Not just any old fun, but civil war in the playground, I'm telling your mum, taking my bat and ball home fun. The sort where you watch all those not in on the secret proceed to rip one another into very small pieces of lamentable babbling incoherent blubber.
Which brings me so neatly to Christian Horner, long may his larynx wax sweetly, Mr Stroll Senior, long may his wallet of plenty overflow, and the FIA, long may they not run with scissors, or be given pencils that are over-sharpened (Esteemed Editor Balfe - my theory is the FIA wear Blazers to protect themselves from both scissors, and sharpened pencils. Club Bar acceptable body armour if you will... possibly a future Pitpass exclusive investigation...?).
To listen to Christian you'd think that Lewis just blocked the Suez Canal when he punted V. Max into the river bank. It is going to cost seven times the GDP of Lichtenstein to repair the RB16B! Not to mention all those potential future gird penalties, the implication being they will ruin a close end to the season. Not to mention all the trauma counselling for all the boys, and girls back at the factory that built the dang thing in the first place.
Mark my eccentric-typing well dear reader. This is a strategic long play to box the FIA into a corner on the cost cap killing great seasons. The funny thing being all the teams are already in on it, but the FIA are simply too slow-witted to notice a nod-and-a-wink approach to, well, anything. There is no team collusion here! They all know where they need to go, and they are all smart enough to go in that direction without any secret "Team Principles Star Chamber" to work out how to be smart. Trust me dear reader. These people are already alarmingly smart...
...which brings me neatly to Mr. Stroll senior, long may his Joe Biden Aviators sparkle in the rising sun of a perfect new day (I admit I own a 1980's pair of Randolph Aviators which I can now wear for irony, amusement, to irritate others, and if necessary to keep bright lights out my eyes... but I really, really do digress...)
Mr Stroll? Oh yes. Some napkin-bistromatic-maths coming right up.
The King of the Magic Square is making the finest job of reforming a Formula One team in many years. Paul Stoddart was the last Man of Money, that I really wanted to see succeed in Formula One. Eddie Jordan is actually an alien, so he is an exception in many more ways than one. Frank Williams, Bruce McLaren, even Max and Bernie in the early days, and dear lord do not get me started on the insane delights of Lord Hesketh! They made it on a range of no-money-at-all, through to a modest pile which I set fire to in less than two seasons.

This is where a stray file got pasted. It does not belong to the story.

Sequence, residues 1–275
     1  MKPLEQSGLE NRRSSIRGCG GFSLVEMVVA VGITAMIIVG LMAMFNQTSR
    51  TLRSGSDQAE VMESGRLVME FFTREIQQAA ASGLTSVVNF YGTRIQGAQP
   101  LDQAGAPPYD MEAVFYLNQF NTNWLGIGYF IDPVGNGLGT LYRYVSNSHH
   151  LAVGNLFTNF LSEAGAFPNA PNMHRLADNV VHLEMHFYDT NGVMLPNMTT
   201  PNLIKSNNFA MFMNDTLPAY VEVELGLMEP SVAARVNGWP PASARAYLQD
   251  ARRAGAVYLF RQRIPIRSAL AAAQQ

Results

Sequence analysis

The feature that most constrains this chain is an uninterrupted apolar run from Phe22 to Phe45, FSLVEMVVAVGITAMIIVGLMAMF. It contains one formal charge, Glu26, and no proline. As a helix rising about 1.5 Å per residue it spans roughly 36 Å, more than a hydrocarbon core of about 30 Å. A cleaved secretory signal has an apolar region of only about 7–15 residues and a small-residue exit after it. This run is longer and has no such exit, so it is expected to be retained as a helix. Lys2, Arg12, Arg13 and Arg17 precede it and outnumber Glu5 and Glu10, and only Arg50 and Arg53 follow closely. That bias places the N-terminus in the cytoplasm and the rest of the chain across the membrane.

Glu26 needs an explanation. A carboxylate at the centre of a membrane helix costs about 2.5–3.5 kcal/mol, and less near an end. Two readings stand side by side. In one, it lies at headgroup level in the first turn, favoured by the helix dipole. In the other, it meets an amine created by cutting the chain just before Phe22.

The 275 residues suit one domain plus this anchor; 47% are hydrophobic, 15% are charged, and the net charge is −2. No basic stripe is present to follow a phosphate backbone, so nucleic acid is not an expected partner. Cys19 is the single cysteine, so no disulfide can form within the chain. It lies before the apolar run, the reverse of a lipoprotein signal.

Let us examine that factory expansion...
So, Aston Martin F1 is currently at 535 workers, according to Otmar Szafnauer, and wants to expand to 800.
Ok. So $150m divided by 800 is $187,500 per staff member. Now those manic accountants from a few paragraphs ago can quibble with me if they wish, but a general rule is that salary is around 50% to 60% of the cost of running a staff member. This is because of the business impacts of paying for rent, insurances, IT infrastructure, buildings, and depending on how you structure your business, it also needs to cover research, and development, marketing, and corporate overhead costs recovery. Yes, I am making this a simple model so that this article can remain shorter than Australian Tax Law, so please, let us ease down the road on this musing.
We will split the difference and say that 55% of that figure is salary. That implies Aston pays a typical staff member around $103,125. A quick conversation to UK pounds makes that a figure of around £75,200. Which, given the UK average salary is currently stated as £29,600, looks like a jolly fine deal for all those chaps at Aston!
Oh. Hang on. We pay all of 800 people the same amount? Nope me neither. Ok, let's ignore that for a moment, and keep moving.
Engines are $20m a year. Christian is saying a couple of car park scratches came to $1.8m. And last time I checked senior members of teams tended to make more than the national average. Oh... And we are assuming the 45% left over will actually cover operating costs, travel costs, testing costs, simulators, wind tunnels, COVID-19 tests, car park dent removal, and new tubes of super glue to repair broken carbon fibre... Not to mention a free flowing supply of new carbon fibre. Which, as any reader who skis, fishes, cycles, or generally partakes of a sport that can use light, quality items will know, is always alarmingly expensive.
Let's revise our salary pool down a fraction (breaks out vintage abacus, and uses sleeping cats paws to carry the ten...)